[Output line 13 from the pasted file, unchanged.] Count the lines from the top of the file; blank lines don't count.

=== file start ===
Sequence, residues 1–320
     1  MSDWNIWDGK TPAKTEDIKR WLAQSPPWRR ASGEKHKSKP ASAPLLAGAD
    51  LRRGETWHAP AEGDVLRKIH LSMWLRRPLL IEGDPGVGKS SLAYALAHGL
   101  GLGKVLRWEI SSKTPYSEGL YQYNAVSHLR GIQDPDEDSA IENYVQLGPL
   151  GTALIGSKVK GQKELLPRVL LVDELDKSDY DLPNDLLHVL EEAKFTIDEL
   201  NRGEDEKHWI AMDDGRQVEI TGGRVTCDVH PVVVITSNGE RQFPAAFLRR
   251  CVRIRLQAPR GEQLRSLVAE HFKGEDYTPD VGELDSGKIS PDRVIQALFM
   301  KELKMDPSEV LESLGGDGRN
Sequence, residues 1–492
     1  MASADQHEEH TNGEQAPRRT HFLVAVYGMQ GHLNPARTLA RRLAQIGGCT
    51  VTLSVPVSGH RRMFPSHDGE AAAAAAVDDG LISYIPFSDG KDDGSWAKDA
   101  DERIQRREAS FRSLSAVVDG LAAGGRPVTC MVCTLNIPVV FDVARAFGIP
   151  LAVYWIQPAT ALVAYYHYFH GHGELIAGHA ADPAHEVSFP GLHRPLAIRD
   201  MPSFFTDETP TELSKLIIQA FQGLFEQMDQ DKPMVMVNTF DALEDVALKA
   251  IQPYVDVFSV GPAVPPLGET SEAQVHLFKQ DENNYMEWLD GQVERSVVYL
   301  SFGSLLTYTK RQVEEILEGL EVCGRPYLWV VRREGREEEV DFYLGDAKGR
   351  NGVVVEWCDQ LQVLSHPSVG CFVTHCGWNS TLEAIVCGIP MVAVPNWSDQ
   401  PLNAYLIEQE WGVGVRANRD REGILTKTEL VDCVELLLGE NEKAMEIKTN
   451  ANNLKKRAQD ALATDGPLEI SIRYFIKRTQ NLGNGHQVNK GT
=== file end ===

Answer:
   151  LAVYWIQPAT ALVAYYHYFH GHGELIAGHA ADPAHEVSFP GLHRPLAIRD